1. The basic stuff: So once you had “logged” into your bank account on the messenger bot, you could query for basic stuff like bank balance, send money to xxxxxxxxx bank account or view your last 10 transactions at McDonalds Al-Khuwair.

2. The social layer: On top of the basic layer, we also plan to leverage your Facebook account since you’re already logged in to use the messenger bot. On NBO’s server, we pair Facebook account-bank account number (be it NBO or any other) and allow really complex IFTTT like automation (which we called ‘recipes’) to be deployed. So now, you send stuff like: “Send $50 to Mukul” and it’ll send $50 to Mukul’s account, provided all the information is provided.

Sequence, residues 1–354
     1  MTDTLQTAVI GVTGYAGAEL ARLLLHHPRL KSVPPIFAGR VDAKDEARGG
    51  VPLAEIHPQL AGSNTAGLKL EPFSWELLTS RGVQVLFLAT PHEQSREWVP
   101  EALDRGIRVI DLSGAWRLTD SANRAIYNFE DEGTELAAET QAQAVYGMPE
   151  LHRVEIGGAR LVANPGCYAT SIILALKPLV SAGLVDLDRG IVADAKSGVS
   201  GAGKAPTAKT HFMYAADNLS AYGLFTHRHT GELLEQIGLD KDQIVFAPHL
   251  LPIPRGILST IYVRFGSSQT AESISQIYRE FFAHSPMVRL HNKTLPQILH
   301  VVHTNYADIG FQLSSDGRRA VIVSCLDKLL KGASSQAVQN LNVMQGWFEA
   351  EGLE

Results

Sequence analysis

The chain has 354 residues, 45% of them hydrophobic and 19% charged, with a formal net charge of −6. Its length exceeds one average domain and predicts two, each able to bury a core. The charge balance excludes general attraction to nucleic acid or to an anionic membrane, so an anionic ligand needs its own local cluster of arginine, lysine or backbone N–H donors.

3. Intelligent layer: Where we really start innovating is in the addition of an intelligence layer which, using a neural network of your past transactions, intelligently gives recommendations and suggestions on how to save money better, make more automation to save time, etc — all by studying your spending patterns. So if it notices that you visit a particular eat out every week, and the bot notices that you spend $2 less when you eat there on a Friday rather than a Saturday, it will recommend a particular spending pattern for the next month that can save you, say $8 more than last month. It also enables you to use GPS to make payments without even mentioning the payee’s name!